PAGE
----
Oncotarget

Research Papers:

Integrative analysis to identify oncogenic gene expression changes associated with copy number variations of enhancer in ovarian cancer

Xiaoyan Li, Yining Liu, Jiachun Lu and Min Zhao _

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Oncotarget. 2017; 8:91558-91567. https://doi.org/10.18632/oncotarget.21227

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Abstract

Xiaoyan Li1,*, Yining Liu2,*, Jiachun Lu3 and Min Zhao4

1Beijing Anzhen Hospital, Capital Medical University, Beijing Institute of Heart, Lung & Blood Vessel Disease, Beijing, China

2The School of Public Health, Institute for Chemical Carcinogenesis, Guangzhou Medical University, Guangzhou, China

3The School of Public Health, The First Affiliated Hospital, Guangzhou Medical University, Guangzhou, China

4School of Engineering, Faculty of Science, Health, Education and Engineering, University of the Sunshine Coast, Queensland, Australia

*These authors have contributed equally to this work

Correspondence to:

Min Zhao, email: mzhao@usc.edu.au.

Keywords: systems biology, cancer genomics, enhancer, copy number variation

Received: May 31, 2017     Accepted: August 04, 2017     Published: September 23, 2017

ABSTRACT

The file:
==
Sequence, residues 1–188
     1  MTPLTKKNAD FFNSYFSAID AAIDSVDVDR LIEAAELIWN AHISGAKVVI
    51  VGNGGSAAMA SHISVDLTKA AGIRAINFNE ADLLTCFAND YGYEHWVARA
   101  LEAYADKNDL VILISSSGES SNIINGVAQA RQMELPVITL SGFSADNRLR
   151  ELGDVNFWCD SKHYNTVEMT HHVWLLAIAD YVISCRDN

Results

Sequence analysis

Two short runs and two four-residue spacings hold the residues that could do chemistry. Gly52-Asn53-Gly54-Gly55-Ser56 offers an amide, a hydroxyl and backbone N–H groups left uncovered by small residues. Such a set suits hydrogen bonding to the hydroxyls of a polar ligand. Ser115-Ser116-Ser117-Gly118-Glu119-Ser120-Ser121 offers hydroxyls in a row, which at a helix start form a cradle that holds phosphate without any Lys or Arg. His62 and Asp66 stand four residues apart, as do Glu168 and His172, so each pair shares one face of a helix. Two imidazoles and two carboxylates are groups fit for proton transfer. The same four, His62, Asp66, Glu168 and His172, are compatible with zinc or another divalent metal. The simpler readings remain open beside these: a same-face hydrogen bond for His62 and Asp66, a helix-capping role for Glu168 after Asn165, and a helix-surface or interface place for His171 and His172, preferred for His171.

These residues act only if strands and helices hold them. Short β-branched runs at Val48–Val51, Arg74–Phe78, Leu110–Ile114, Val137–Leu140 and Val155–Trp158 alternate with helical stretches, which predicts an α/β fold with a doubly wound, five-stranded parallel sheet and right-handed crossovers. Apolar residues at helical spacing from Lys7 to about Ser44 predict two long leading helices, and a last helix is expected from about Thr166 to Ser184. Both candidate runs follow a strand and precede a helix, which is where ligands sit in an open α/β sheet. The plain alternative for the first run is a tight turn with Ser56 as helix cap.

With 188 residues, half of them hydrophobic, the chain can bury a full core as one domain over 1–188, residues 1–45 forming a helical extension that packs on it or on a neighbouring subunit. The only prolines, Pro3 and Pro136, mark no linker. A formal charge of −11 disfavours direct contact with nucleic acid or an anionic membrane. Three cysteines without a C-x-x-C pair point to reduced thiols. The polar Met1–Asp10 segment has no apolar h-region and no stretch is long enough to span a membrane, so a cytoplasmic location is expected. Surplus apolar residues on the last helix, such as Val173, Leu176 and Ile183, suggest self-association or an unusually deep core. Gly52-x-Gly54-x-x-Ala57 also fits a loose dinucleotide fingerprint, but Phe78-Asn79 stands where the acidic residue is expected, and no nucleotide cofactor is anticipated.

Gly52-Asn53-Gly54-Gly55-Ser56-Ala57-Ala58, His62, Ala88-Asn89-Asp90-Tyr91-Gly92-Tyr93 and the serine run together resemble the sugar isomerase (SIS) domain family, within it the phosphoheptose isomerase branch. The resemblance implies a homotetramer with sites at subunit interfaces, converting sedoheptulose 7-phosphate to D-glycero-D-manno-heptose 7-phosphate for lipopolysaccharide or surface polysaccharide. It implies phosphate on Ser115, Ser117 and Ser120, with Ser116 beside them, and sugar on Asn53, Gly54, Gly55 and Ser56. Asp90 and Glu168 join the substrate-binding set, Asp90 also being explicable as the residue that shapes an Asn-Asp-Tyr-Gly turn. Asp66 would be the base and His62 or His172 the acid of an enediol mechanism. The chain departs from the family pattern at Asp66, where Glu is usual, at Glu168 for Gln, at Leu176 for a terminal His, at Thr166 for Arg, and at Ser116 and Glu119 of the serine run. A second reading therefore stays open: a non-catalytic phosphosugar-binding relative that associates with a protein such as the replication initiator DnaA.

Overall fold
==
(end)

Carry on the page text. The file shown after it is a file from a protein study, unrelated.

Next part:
Enhancers are short regulatory regions (50-1500 bp) of DNA that control the tissue-specific activation of gene expression by long distance interaction with targeting gene regions. Recently, genome-wide identification of enhancers in diverse tissues and cell lines was achieved using high-throughput sequencing. Enhancers have been associated with malfunctions in cancer development resulting from point mutations in regulatory regions. However, the potential impact of copy number variations (CNVs) on enhancer regions is unknown. To learn more about the relationship between enhancers and cancer, we integrated the CNVs data on enhancers and explored their targeting gene expression pattern in high-grade ovarian cancer. Using human enhancer-gene interaction data with 13,691 interaction pairs between 7,905 enhancers and 5,297 targeting genes, we found that the 2,910 copy number gain events of enhancer are significantly correlated with the up-regulation of targeting genes. We further identified that a number of highly mutated super-enhancers, with concordant gene expression change on their targeting genes. We also identified 18 targeting genes by super-enhancers with prognostic significance for ovarian cancer, such as the tumour suppressor CDKN1B. We are the first to report that abundant copy number variations on enhancers could change the expression of their targeting genes which would be valuable for the design of enhancer-based cancer treatment strategy.


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